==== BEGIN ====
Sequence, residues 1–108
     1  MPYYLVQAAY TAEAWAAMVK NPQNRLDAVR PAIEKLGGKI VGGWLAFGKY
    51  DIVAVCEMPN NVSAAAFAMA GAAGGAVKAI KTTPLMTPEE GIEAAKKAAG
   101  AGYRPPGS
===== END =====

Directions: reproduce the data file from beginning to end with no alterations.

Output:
Sequence, residues 1–108
     1  MPYYLVQAAY TAEAWAAMVK NPQNRLDAVR PAIEKLGGKI VGGWLAFGKY
    51  DIVAVCEMPN NVSAAAFAMA GAAGGAVKAI KTTPLMTPEE GIEAAKKAAG
   101  AGYRPPGS